Which is not to say that all Lodi Zinfandels are exactly like this. For instance, there are certain recognized branded styles of Lodi Zinfandel – such as Klinker Brick, or Michael David Winery’s Earthquake – that are fashioned more in the aggressive, lavishly fruited style somewhat like Sonoma’s; garnering more than their shares of awards for this, too.

Vice-versa, there are first class Sonoma Zinfandels – such as those of VML, Nalle, and Quivira – that go for more restraint and subtlety; perhaps not quite as gently or curvaceously as the more feminine styles of Lodi, but enough to demonstrate that the hands of growers and winemakers can have as much of an impact as terroir.

Yet in some parts of California, terroir is the dominant factor no matter what a grower or winemaker wants to do. In dramatic contrast to both Sonoma and Lodi are the high-elevation Zinfandels of Mendocino Ridge; presented at ZAP by Ellen Landis CS, CSW, the owner/sommelier of Landis Shores Oceanfront Inn in Half Moon Bay.

Commenting on Mendocino Zinfandels such as Steele’s DuPratt and Witching Stick’s Fashauer Zinfandels, Landis said: “You get a strong thread of minerality, much sharper acidity as well as lower alcohol in Mendocino Ridge than anywhere else. Although alcohols in Zinfandels from the lower parts of Mendocino can get up to 16%, you generally find more restrained alcohol, and a lovely sense of elegance, in wines from the higher elevation vineyards.”

2013 Zinfandel harvest at Lizzy James Vineyard...

2013 Zinfandel harvest at Lizzy James Vineyard on Lodi’s east side

Tracey Berkner, the owner/sommelier of Plymouth’s Restaurant Taste, drew attention to the mountain grown Zinfandels of Sierra Foothills. Citing wines like Cedarvillle and Lava Cap’s Reserve – both grown in El Dorado’s granitic slopes, in vineyards located more than 2,500-ft. high – Berkner talked about “distinguishing nuances of pepper, herbal and earthy notes… especially minerally and woodsy qualities going beyond the usual Zinfandel fruitiness.”

Zinfandel in Lizzy James Vineyard (planted 1904)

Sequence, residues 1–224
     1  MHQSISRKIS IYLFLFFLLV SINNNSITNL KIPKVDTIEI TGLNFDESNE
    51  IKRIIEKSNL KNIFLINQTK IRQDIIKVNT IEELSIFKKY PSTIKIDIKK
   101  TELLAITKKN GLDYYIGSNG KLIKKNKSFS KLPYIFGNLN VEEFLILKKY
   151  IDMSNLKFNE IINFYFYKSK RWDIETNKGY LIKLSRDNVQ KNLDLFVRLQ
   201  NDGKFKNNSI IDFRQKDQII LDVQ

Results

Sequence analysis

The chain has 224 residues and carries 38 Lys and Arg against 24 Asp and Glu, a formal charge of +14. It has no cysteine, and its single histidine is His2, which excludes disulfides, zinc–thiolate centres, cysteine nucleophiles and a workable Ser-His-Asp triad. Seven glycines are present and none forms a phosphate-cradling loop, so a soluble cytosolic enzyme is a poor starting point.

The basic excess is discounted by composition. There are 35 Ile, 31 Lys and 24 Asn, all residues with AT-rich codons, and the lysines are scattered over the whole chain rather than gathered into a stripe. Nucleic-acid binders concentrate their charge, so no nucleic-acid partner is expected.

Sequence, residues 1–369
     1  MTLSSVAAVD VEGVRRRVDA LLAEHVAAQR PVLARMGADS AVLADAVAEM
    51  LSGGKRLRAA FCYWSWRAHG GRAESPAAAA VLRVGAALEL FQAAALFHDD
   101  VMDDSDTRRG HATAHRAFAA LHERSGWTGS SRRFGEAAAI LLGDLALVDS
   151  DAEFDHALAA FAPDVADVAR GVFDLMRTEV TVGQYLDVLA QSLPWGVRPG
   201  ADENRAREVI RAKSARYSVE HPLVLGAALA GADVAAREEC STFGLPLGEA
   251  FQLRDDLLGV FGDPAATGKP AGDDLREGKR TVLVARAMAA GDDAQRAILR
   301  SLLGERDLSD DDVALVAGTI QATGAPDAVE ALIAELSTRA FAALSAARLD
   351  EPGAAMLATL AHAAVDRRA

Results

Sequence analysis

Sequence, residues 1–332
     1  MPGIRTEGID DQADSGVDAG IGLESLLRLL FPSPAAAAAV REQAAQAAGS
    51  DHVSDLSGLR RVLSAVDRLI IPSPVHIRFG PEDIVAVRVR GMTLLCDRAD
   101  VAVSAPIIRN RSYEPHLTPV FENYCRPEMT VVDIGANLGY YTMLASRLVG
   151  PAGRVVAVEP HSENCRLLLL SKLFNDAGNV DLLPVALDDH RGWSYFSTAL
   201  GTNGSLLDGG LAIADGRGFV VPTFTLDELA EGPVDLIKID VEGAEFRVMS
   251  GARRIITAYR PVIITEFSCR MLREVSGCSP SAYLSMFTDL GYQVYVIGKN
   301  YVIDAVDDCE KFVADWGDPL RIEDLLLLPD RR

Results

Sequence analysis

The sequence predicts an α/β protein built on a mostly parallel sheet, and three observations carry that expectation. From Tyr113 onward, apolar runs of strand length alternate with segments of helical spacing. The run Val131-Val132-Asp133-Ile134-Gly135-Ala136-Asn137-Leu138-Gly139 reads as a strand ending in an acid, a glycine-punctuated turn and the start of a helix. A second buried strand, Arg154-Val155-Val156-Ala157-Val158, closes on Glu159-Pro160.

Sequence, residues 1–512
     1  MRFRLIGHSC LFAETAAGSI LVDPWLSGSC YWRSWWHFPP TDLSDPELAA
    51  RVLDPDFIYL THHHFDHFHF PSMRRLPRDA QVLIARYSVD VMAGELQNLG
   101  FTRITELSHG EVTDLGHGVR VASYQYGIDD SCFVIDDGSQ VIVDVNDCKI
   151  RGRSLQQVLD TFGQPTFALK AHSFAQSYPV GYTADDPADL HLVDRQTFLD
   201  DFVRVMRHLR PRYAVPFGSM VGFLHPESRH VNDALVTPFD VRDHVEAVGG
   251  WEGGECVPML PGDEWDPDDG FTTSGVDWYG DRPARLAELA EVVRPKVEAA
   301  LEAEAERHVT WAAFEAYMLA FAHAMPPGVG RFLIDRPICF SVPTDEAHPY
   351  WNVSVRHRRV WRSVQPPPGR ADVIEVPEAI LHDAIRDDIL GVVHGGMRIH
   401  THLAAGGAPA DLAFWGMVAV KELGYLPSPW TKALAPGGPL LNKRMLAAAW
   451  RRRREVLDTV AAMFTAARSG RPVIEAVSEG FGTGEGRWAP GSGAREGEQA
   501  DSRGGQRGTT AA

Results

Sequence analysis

Lizzy James Vineyard Zinfandel (planted 1904)

Rob Renteria, the sommelier at San Francisco’s La Folie, commented, “There are a lot of different Zinfandels appealing to a lot of different tastes.” Renteria invited Bill Easton, the owner/winemaker of Terre Rouge and Easton, to help draw a picture of Amador County; a hillside region marked by “elevations from 500 to 2,300-ft., and 30° to 35° temperature swings that allow for good acidity.”

Typifying the extremes found in Amador County, the Easton Rinaldi Zinfandel, produced from 100 to 120-year old vines, came across as lean and sinewy compared to the lush styles of Sonoma County and the gentle styles of Lodi; with a unique touch of rusticity, and more restrained varietal berryishness.

Different strokes, in other words, for different wine regions.

Sommeliers may have a geekier approach to wine than the average wine lover; but their tastes are not much different than any old-time wine lover who grew up with a taste for European style wines, and all the variations of classic European vineyards and wine regions.

Your average professional sommelier – one who actually labors in a restaurant, or works as a wine educator – cannot help but look at wines as something more than the sum of grapes or varietal assumptions. For that reason, sommeliers tend to adore terroir driven diversity, and are somewhat put off by numerical scores that pigeonhole varietal standards (this is the reason you don’t find 100-point “scores” on restaurant wine lists) — as if all Zinfandels must taste alike, no matter where they are grown.

If you prefer a Zinfandel that goes beyond the usual expectation of big alcohol and ultra-ripe fruitiness, you’ll find plenty of examples to suit your tastes. If you like your Zinfandel lean, sharp or sinewy, the Sierra Foothills or Mendocino Ridge may be the regions for you. If you lean towards a softer, more delicate, gentle, floral style, Lodi Zinfandels may be as good as it. You may even find yourself circling back and appreciating the big, ripe, jammy, yet firmly structured styles of Sonoma County all the more.

The important thing is to appreciate Zinfandels for what they really are rather than what you are told they are supposed to be. Free your mind, and you’ll only increase your appreciation of Zinfandel like any of the other great red wines of the world: wines that taste as much of the place as the grape.

Fermenting Lodi Zinfandel at Harney Lane Winery

Harney Lane owner/grower Kyle Lerner among fermenting macro-bins of Lodi Zinfandel